The Doctrine and Covenants is a collection of revelations from God to the Prophet Joseph Smith as well as to some of his successors. It also contains inspired declarations made by these same men. We regard it is as a book of scripture like the Bible because it is the writings of prophets inspired by God. It’s a truly remarkable book in that we can hear the voice of the Lord Jesus Christ speaking to man in our modern day. Some of my favorite passages from the book include this, Joseph Smith’s testimony of Jesus Christ and this here, a trio of verses that keep me motivated.

But, as Reading Rainbow would remind us, you don’t have to take my word for it—be your own judge, read from the Pearl of Great Price here, the Doctrine and Covenants here.

Salvation in a Nutshell

Q. What is the Mormon message of salvation in a nutshell? (like, two paragraphs)?

Not a fan of reading, eh?
All right, I’ll do it, but you have to promise to do a little more research before you tell your friends at your next barbecue that you ‘studied’ Mormonism.

This is the very center of our beliefs —

The Gospel of Jesus Christ:

We are mortal. We will all die. We, alone, are powerless to stop it. God sent His Son, Jesus Christ to die for us on the cross; then, after three days He was resurrected. Many deceased souls were awakened from the grave at that time and were given immortal bodies. We have all been promised an eventual release from death also, all because of Jesus Christ.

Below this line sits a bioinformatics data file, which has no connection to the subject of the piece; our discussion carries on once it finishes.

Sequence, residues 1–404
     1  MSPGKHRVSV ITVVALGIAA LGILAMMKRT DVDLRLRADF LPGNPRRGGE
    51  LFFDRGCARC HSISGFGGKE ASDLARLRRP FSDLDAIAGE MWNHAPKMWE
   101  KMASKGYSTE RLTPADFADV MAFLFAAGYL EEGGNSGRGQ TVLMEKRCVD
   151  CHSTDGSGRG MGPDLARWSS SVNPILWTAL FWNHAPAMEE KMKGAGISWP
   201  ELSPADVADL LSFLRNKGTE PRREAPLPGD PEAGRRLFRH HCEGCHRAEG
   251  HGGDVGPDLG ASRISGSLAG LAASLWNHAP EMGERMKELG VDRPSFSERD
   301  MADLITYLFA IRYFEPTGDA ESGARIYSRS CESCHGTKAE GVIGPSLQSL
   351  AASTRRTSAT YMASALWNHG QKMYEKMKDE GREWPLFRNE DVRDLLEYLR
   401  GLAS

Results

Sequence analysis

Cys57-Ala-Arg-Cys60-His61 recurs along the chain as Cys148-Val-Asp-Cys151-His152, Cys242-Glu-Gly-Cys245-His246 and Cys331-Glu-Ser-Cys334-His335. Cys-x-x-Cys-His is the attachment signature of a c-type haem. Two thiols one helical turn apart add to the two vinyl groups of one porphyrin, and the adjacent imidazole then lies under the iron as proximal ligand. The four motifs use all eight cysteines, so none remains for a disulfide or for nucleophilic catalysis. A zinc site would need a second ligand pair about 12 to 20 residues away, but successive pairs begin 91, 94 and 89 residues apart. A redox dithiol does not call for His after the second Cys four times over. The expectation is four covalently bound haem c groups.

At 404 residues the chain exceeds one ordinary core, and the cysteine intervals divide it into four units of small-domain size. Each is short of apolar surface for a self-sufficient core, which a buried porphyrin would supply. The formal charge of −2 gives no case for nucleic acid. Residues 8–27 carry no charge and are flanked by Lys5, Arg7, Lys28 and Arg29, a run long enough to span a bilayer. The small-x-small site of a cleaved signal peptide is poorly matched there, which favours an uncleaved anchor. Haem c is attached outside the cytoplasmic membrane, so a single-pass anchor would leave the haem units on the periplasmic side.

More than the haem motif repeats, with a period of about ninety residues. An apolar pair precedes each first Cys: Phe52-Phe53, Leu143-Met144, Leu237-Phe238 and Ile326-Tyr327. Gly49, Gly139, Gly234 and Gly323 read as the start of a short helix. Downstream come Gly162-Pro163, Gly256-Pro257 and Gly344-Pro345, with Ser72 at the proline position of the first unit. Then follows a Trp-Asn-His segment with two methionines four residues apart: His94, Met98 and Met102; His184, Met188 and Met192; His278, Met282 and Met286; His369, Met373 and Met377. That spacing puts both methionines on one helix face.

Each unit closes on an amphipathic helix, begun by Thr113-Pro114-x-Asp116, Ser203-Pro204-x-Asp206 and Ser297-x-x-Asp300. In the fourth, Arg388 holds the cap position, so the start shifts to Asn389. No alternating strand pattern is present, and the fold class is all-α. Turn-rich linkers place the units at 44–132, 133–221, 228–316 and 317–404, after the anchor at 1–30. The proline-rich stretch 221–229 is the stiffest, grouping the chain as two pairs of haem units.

We make mistakes; not just bad, embarassing choices, but often downright wicked decisions. If you haven’t ever murdered, stolen, or lied, you might be tempted to say this is a problem for other people, but consider this: Is there someone you dislike whom you treat like garbage? Do you do things in secret that you are ashamed of? Are you holding on to a long-running grudge? Do you snap at people? Just as pain is an indicator to your body that your physical body is in danger, guilt warns us when we are in (or approaching) spiritual danger, and few of us are free of guilt.

The punishment for sin is separation from God. We are powerless, on our own, to avoid this consequence. Once again, Jesus Christ provided the way out. He suffered an infinite atonement for our sins, thus making payment for the wrong moves we made (but He never made). We must choose to accept this gracious gift, and along the way start learning how to make good, holy choices. Our purpose isn’t just to fulfill a debt, but to become the sort of person Jesus is.

baptismThe start of our path is having faith in Christ. I know He loves me and will help me with the problems in my life. You can have this faith, too. Next comes repentance: turn your life away from your sins and pray for forgiveness. Then, to set out as a new beginning, covenant with God that you will be His disciple your whole life long with baptism by immersion in water. Receive the Holy Ghost after it has been conferred to you through laying on of hands, and finally, live up to your promise and seek the godly road.

This is the gospel of Jesus Christ. I realize this was double the paragraphs you had anticipated, but it’s such an important topic that you should probably read it again.